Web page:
The Weather Makers: How Man Is Changing the Climate and What It Means for Life on Earth

By Tim Flannery; Grove Press, New York; @ 2005; 360 pages.

Tim Flannery
Tim Flannery (Photo credit: Wikipedia)

From the back page of this book: “Tim Flannery is an internationally acclaimed scientist, explorer, and conservationist.” He is a professor at Macquarie University in Australia. He has made numerous appearances on various news outlets. And he just might be my new hero. Well done Flannery. Well done.

I bought Flannery’s book back in 2007. It’s got a pretty cool cover photo, and the subject matter interests me. For some reason, I felt intimidated by this book when I first tried to read it in 2007.

This book re-emerged after Super Storm Sandy crashed into the East Coast.

I flipped to a section that interested me: Time’s Gateways. Finding it incredibly engaging and easy to read, I read another section. Then I flipped to the beginning and dug in.

Flannery fills this book with detail after interesting detail—adult humans require 30 lbs of air every day of their lives; elephants colonized every continent on earth except for Australia; our time address today is Cainozoic Era, Quaternary Period, Holocene Epoch.

I feel like I should read it again and again. But probably I will read it only once.

You can pretty well guess which side of the issue Flannery is on just by reading the title of his book. While he confirms that “skepticism is the lifeblood of science,” he follows that idea a few pages later with: “If, for example, we wait to see if an ailment is indeed fatal, we will do nothing until we are dead.”

Many if not most of the people I associate with these days, do not accept the possibility of a human-induced climate change. The earth is simply too big, and humans are simply too small.

Unlike my acquaintances, I am swayed by the massive amount of evidence: disappearing glaciers, melting polar ice caps, destroyed coral reefs, massive extinctions, stronger weather events, rising ocean temperatures, acidifying oceans, the Keeling curve. I also recognize that over the last 40 years, science has made enormous strides in its ability to analyze the world (computers). I don’t think scientists are always right or that they know everything, but Flannery makes some interesting points.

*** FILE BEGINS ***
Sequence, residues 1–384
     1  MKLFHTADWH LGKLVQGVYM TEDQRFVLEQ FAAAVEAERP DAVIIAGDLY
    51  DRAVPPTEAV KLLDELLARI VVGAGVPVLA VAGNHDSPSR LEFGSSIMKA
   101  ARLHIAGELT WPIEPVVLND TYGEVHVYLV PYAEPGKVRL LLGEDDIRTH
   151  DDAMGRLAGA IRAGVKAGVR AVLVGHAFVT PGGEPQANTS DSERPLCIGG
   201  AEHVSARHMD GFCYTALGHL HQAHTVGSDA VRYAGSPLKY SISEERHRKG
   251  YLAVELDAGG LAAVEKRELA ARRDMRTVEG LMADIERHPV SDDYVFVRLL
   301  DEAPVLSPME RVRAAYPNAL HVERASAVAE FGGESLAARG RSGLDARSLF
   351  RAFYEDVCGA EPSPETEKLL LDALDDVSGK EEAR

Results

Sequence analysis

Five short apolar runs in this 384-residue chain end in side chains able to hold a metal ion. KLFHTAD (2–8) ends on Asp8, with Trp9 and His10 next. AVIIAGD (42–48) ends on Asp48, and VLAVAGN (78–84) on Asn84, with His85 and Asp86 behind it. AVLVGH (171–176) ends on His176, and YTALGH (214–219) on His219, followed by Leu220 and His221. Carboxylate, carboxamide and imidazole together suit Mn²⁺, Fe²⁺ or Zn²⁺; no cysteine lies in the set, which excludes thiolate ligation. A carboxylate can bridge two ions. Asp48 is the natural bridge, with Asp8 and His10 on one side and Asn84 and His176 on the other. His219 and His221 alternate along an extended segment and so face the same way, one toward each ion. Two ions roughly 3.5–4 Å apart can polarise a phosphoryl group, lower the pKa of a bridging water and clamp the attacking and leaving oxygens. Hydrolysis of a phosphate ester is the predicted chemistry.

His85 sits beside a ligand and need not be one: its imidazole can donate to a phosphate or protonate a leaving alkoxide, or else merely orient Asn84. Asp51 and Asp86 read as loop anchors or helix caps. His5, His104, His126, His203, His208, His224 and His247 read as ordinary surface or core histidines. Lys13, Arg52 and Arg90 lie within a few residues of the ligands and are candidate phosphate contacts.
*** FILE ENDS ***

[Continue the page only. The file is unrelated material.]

The author’s core message is that we currently have the knowledge and the tools to act wisely. Climate change is occurring rapidly and will soon become not just a big issue, but the only issue.

Scary words. Sensational language. This is usually the time I put the book down to see what’s in the fridge.

But I try to be better than that and read on to learn that some power plants burn through 550 tons of coal per hour. Wow. I mean…Wow. Really, that’s quite a lot. Did you catch that? Not per day. Per hour.

Other interesting tidbits. The Great Smog of 1952 in London killed 12,000 people.

Time’s gateways are occasions when one age, and often one climate gives way to the next. They are marked by faunal turnover; species suddenly appear or disappear.

I learned that the Earth formed 4,500 million years ago during the Hadean era. (That’s quite a long time ago.)

Around 100,000 years ago, humans were as rare as gorillas are today, at about 2,000 fertile adults.

For 90,000 years we were nothing but hunter gatherers. It hasn’t been until the most recent 10,000 years when the Earth’s climate has stabilized that we began to farm and build civilizations.

Our planet has experienced massive extinctions on five occasions.

The current climate change may bring an end to our current era, the Cainozoic. (Climate change can happen really fast; like in a hundred years; really really fast.)

I learned that the English used to think coal was a living organism that would grow if covered with manure.

Also, in 1986 “humans reached Earth’s carrying capacity, and ever since we have been running the environmental equivalent of a deficit budget, which is sustained by plundering our capital base.”

Beyond the failure of the Gulf Stream, now I can be afraid of the warming of the oceans and the sudden release of clathrates. Although, this should not happen for another hundred years.

Flannery puts it all together more logically than I have, but you get the picture. This guy has done a lot of research and is quite smart.

And, we’re all doomed.

I mean really; let’s face it.

But, it’s a great story.

3 thoughts on “The Weather Makers: How Man Is Changing the Climate and What It Means for Life on Earth”

  1. You warned me about your next book review…was this it? Environment of Darkness? Sold me on a book from an area of contention that’s pretty well saturated by lesser offerings. Thaks.


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